The American Families Plan Would Eliminate Long-Term Capital Gains Tax Rates

The American Families Plan seeks to eliminate long-term capital gains tax rates. Gains from asset sales would be taxed at the same rate whether the seller owned the property for six months or sixty years.

Eliminating the long-term capital gains rate is likely to slow down the real estate market because it changes the economics of a property sale. Why sell a performing asset if you know you will owe a huge tax bill? The result may be less inventory on the investment real estate market. It could become a “seller’s market” with increasing prices.

Real estate investors frequently evaluate the success of their investment based upon the internal rate of return (IRR). IRR is a discount rate (interest rate) at which the net present value of cash flows from the investment is zero.

Since IRR is based upon the time value of money, the timing of the cash flow from disposition significantly affects the IRR. So, when a sale is deferred, IRR goes down. If investors hold assets for longer periods to delay realizing a taxable gain, they will need to increase current cash flow to obtain the IRR investors expect.

There are two ways to increase current cash flow–increase income or reduce expenses. Since rental rates are affected by supply and demand, there’s a limit to how much an owner can increase rental rates. Owners may find it easier to reduce expenses by cutting amenities and deferring maintenance.

Also, capital expenditures frequently are made upon acquisition (when the investor has new financing) or to prepare for disposition (in hopes of a higher sale price). Therefore, extending asset hold periods is likely to reduce capital improvements on properties, which will affect property condition.

Long-Term Capital Gains Rates and Carried Interest

Although the American Families Plan proposes “permanently eliminating carried interest,” this isn’t technically accurate. Sponsors still probably will be able to receive carried interests. However, by eliminating long-term capital gains rates, gains on carried interests would be treated the same as all other sponsor income.

Taxing payments on a sponsor’s carried interest as regular income is likely to change how sponsors real estate investments. Without long-term capital gains treatment and less incentive for investors to sell and trigger payment on the carried interest, sponsor fee structures could change.

With sponsors disincentivized from waiting until the property is sold to receive their compensation, they might, instead of a carried interest, increase annual asset management fees or require higher upfront fees. And without a carried interest, sponsors may be less focused on the long-term increase in real estate value. Instead, the focus may be on income from the investment.

A real estate investment held primarily for current income rather than long-term gain may be managed differently. Since maintenance and capital expenditures can reduce the cash available to distribute as investor income, there is less incentive for owners not to make repairs or improvements.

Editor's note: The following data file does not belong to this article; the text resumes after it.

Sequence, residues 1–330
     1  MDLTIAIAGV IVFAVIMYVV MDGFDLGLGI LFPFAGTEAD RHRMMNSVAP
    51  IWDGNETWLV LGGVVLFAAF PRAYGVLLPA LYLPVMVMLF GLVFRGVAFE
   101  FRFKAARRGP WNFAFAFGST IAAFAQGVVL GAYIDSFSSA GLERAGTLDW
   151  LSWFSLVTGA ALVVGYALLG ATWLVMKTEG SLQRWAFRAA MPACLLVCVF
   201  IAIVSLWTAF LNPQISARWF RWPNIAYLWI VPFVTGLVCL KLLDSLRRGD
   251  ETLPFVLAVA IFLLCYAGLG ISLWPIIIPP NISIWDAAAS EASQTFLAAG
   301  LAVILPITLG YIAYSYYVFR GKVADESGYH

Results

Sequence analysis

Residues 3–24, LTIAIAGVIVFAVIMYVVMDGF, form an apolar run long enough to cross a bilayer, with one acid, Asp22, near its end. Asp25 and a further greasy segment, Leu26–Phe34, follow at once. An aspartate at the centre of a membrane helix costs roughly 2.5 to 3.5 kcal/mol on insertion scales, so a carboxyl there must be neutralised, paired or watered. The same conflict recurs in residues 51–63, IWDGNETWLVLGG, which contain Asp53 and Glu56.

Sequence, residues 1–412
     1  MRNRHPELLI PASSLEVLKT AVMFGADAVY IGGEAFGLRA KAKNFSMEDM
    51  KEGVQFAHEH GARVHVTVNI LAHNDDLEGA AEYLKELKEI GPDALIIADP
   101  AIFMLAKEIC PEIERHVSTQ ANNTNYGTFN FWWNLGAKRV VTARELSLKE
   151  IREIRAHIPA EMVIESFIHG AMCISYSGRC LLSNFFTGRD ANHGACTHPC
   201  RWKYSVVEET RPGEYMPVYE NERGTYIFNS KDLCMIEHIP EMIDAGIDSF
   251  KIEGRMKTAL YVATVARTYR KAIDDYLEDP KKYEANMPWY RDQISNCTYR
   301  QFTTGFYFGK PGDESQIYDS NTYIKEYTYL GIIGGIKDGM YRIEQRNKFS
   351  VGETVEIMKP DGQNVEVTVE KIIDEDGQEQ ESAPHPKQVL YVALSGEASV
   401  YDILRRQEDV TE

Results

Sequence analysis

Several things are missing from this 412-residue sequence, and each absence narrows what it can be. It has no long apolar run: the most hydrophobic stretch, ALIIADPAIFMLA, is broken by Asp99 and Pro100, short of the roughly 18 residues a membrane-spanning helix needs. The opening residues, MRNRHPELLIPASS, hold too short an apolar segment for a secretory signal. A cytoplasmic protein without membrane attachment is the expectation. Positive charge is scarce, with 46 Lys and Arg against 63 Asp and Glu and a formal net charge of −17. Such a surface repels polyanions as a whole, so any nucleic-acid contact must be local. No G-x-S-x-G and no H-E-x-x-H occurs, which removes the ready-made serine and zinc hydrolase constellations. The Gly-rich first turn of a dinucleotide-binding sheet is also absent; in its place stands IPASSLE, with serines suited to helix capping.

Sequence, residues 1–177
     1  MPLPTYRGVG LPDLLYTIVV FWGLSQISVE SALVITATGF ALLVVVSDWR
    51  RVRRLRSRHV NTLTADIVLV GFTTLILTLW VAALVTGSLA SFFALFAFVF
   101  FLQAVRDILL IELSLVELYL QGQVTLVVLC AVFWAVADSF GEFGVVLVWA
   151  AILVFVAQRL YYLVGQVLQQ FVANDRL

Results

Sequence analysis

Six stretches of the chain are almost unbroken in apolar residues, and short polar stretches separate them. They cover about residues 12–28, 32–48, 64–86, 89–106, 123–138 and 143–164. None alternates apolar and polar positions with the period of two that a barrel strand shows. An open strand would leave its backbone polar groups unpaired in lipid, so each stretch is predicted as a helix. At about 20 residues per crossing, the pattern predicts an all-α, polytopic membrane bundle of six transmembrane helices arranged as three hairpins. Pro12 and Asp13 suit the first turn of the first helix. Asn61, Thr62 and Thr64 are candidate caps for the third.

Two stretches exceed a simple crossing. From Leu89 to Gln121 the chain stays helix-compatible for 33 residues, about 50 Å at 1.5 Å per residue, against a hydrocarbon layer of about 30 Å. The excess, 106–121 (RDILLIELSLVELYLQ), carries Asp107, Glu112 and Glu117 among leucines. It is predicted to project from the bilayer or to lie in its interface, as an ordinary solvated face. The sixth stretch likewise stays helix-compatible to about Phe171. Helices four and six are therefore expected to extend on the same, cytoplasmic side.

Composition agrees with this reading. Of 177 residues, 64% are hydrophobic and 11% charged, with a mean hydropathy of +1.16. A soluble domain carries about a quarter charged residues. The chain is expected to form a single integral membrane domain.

Changing Real Estate Investment Strategies

Although taxes raise money for the government, tax policies also incentivize (and disincentivize) taxpayer behavior. Research differs on whether the significant increase in the American Families Plan would increase total tax revenue after considering the reduction in property dispositions. However, Tax Policy Center’s research comparing historical capital gains rates to transaction volume supports the idea that investors change behavior based upon long-term capital gains tax rates.

Therefore, if long-term capital gains rates are eliminated, it’s likely that sponsors and investors will adjust investment strategies to compensate for the increased taxes. Some of these adjustments might include:

  • Increased use of installment sales and seller financing to spread sale proceeds into several tax years

  • Reduced sponsor investment in the real asset’s long-term success through reduction or elimination of carried interests in favor of annual fee income

  • Longer hold periods

  • Increased rents

  • Strategic maintenance deferral

  • Fewer capital projects

  • Reduced real estate transaction volume

Currently, real estate is an attractive investment because it can provide legal tax sheltering of income through depreciation and a reduced tax rate on long-term capital gains. United States real estate investment is also how investors can invest locally–since real estate can’t move, it and jobs maintaining it are local and can’t be outsourced abroad.

If the capital gains tax rate is eliminated, investors have little incentive to invest in long-term investments generally and real estate specifically. It’s possible that would-be investors instead will spend their money and stimulate economic growth. It’s also possible they will choose other investments, which may include an international component.

Most sponsor real estate proformas don’t include an investor income tax analysis. That makes sense since each investor’s tax situation is unique. Until investors know how their real estate investment income will be taxed, they should create pro formas showing multiple scenarios and evaluate the potential tax liability for each.

This series draws from Elizabeth Whitman’s background in and passion for classical music to illustrate creative solutions for legal challenges experienced by businesses and real estate investors.

DISCLAIMER: Because of the generality of this update, the information provided herein may not be applicable in all situations and should not be acted upon without specific legal advice based on particular situations.